Section Navigation

Alumnus helps rewrite N.C.’s paleontological record

mitchell_t.jpgBOONE—Jonathan Mitchell is helping rewrite the paleontological record.

Research conducted for an honors thesis when Mitchell was a senior at Appalachian State University expands on previous theories of how venomous fangs developed in an ancient reptile.

His research, written with co-author Assistant Professor Andy Heckert from Appalachian’s Department of Geology, has been published in the international journal “Naturwissenschaften” (Natural Sciences), a monthly peer-reviewed scientific journal, and is also the subject of a news brief in Nature.

Jonathan Mitchell.jpgJonathan Mitchell, shown wearing in the hat for which he was known while a student at Appalachian State University, has published research expanding North Carolina’s paleontological record. Now pursuing a PhD in the evolutionary biology degree program at the University of Chicago, Mitchell has had his research conducted while an undergraduate at Appalachian published in an international peer-reviewed scientific journal.

Mitchell, now a doctoral student at the University of Chicago, analyzed teeth from a small reptile-like creature from the Late Triassic period (228 to 200 million years ago) known as Uatchitodon that were recovered from a quarry site in central North Carolina.

By comparing the specimens with those recovered from sites in Virginia and Arizona, the 2010 Appalachian graduate makes the case that the grooved fangs from Uatchitodon folded over time to evolve into venom-injecting fangs. The fossils from North Carolina capture a transition between those from the other two sites indicating an evolutionary change.

“Jonathan began this work during his sophomore year at Appalachian,” Heckert said. “He really got into the project, collecting sediment from the research site, sieving it and recovering the fossils that remained.” Most of the thousands of fossil remains he examined were so small that he used tweezers to sort them and computer applications to measure the teeth of Uatchitodon.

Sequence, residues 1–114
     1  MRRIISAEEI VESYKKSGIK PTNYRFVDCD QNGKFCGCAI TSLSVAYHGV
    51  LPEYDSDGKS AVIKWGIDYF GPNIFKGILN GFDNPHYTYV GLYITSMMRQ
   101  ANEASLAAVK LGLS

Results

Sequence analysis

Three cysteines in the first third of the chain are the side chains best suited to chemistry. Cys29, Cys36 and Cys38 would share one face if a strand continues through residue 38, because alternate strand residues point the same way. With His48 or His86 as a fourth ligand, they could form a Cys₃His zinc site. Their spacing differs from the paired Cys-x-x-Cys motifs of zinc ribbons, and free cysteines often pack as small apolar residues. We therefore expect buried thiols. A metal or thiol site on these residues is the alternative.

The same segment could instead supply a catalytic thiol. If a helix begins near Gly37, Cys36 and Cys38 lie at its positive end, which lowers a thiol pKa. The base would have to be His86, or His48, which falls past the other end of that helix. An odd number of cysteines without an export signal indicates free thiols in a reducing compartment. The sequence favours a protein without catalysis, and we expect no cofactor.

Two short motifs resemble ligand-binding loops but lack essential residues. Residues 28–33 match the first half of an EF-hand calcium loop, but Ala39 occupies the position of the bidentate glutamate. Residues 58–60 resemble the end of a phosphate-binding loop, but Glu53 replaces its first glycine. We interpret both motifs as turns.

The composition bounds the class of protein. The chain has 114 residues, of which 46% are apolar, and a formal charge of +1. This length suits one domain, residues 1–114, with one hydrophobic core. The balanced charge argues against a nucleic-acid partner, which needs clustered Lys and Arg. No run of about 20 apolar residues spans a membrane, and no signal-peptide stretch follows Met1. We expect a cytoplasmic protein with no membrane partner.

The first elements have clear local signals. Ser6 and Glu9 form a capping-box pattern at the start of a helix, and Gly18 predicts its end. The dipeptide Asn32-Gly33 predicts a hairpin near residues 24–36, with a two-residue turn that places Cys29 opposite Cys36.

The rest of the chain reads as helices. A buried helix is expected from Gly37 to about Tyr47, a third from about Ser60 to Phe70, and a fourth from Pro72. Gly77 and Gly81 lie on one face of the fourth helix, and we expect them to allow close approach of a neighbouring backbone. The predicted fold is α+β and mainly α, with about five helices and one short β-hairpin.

Mitchell documented the minute details from the fossilized fangs using one of the university’s scanning electron microscopes. That close examination of the fangs’ canals and size indicated changes that could only be attributed to the canals folding over to form tubes.

“We argue that this is how tubes may have formed in modern venomous snakes and other reptiles,” Heckert said. “This is probably a case of natural selection favoring the adaptation of that most effectively injects the venom.”

Mitchell interned at the Smithsonian National Museum of Natural History during his sophomore year, which provided access to paleobiology expert Dr. Hans-Dieter Sues, another co-author of the paper, and similar fossil specimens at the Smithsonian.

Mitchell, Heckert and Sues named the species of Uatchitodon found in North Carolina U. schneideri for Vince Schneider, curator with the North Carolina Museum of Natural Sciences, in tribute to his contributions to  paleontology in the state, including the discovery and excavation of the site that yielded the fossils.

“Jonathan took information he learned in a variety of classes at Appalachian and found ways to describe these fossils in a way that makes quantitative sense,” Heckert said. “Jonathan is a really special student. We gave him a chance to do real research, present research at major scientific meetings and intern at the Smithsonian, and we provided him guidance and oversight. But he asked the right questions and worked phenomenally hard.”

Read more about Mitchell’s honors thesis research while an undergraduate at Appalachian at